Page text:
(Bloomberg) -- Pakistan needs two to three years to implement some of the structural changes the International Monetary Fund has prescribed to break the South Asian country’s chain of financial struggles and bailouts, according to its new finance minister.

The country has long known what is needed in order to steady its economy, and the challenge has been follow-through and implementation, Muhammad Aurangzeb said at the Atlantic Council on Monday. Aurangzeb is visiting the US to attend the IMF and World Bank spring meetings this week, his first trip to Washington since taking office last month.

“Once we get into the execution, we will need a two- to three-year time period so we can actually go through the structural reforms,” said Aurangzeb, who previously worked at JPMorgan Chase & Co. “If we don’t go through the structural reforms, unfortunately we’ll still be looking for another program,” he said of the South Asian country that has had 24 IMF loans in its history.

One of his most immediate tasks is to seal a new long-term deal with the IMF for a loan worth at least $6 billion, which Bloomberg reported earlier this year. Aurangzeb previously said he expects to conclude the agreement by June for the program, which will last a minimum three years, and reiterated on Monday that his priority is to get that lending program and reform plan negotiated as quickly as possible.

Key objectives in the negotiations for the fund will include broadening the tax base, improving debt sustainability and restoring viability to the energy sector, the IMF said last month. These are steps that Pakistan has avoided for decades as they are unpopular decisions.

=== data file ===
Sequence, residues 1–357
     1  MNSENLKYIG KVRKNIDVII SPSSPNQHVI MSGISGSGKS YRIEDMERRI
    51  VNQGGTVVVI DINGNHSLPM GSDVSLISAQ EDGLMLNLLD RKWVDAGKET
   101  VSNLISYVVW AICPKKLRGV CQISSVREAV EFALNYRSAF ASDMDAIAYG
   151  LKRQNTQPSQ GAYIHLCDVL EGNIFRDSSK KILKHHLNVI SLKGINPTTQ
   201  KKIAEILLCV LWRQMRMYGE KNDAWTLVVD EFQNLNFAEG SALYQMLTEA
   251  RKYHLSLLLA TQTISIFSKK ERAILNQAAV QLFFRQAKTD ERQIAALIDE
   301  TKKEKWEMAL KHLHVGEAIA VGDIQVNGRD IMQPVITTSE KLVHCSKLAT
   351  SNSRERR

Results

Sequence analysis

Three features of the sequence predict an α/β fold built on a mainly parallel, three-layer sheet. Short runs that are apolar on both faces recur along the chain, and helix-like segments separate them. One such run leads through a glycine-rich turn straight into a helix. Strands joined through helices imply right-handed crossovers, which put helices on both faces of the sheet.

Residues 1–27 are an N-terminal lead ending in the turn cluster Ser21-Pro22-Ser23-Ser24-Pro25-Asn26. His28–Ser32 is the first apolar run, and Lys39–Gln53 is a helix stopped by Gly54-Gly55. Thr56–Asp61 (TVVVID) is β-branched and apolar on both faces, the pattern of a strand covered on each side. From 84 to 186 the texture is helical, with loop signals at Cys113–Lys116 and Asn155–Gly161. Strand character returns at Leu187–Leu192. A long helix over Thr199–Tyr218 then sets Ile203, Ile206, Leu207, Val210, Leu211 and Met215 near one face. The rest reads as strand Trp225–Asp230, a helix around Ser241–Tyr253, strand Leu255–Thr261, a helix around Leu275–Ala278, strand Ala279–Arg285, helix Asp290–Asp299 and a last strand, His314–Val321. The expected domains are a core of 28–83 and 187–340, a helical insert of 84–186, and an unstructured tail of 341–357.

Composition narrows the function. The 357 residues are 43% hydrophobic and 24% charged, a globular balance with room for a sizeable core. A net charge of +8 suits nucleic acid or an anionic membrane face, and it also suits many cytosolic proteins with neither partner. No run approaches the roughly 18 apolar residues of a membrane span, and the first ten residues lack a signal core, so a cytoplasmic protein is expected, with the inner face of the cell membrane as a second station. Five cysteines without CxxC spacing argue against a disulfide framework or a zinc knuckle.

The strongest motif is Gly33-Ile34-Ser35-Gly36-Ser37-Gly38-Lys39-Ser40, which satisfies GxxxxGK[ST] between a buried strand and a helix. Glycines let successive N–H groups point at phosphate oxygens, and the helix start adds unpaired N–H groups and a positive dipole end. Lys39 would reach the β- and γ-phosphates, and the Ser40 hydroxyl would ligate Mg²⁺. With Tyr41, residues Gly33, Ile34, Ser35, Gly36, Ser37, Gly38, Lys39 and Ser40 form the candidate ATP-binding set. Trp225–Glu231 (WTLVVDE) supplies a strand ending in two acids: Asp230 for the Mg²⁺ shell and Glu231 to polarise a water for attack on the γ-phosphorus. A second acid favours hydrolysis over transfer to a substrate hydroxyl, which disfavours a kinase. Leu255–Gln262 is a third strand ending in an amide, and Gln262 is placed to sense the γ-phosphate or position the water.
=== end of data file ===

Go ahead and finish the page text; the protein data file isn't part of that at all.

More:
Pakistan rebuilt trust with the IMF through the completion of its nine-month loan where an agreement was reached in March for the final disbursement, he said. He put a positive spin on the nation’s economy, saying it’s moving in the right direction, supported by bumper crops which have boosted agricultural output, the improving services sector, slower inflation and a stable exchange rate.

“Our country doesn’t need too many policy prescriptions: we have known the what and why not for years, but for decades,” Aurangzeb said. 

Pakistan is lurching from one bailout program to the next with its current $3 billion program set to end soon. A final loan installment is pending approval that the IMF board is expected to review later this month.

Aurangzeb became finance minister as Pakistan’s economy endures the most turbulent period in its history, with low growth and high debt payments. The nation remains heavily reliant on IMF aid with $24 billion in external financing needs in the fiscal year starting July, about three times its foreign exchange reserves. 

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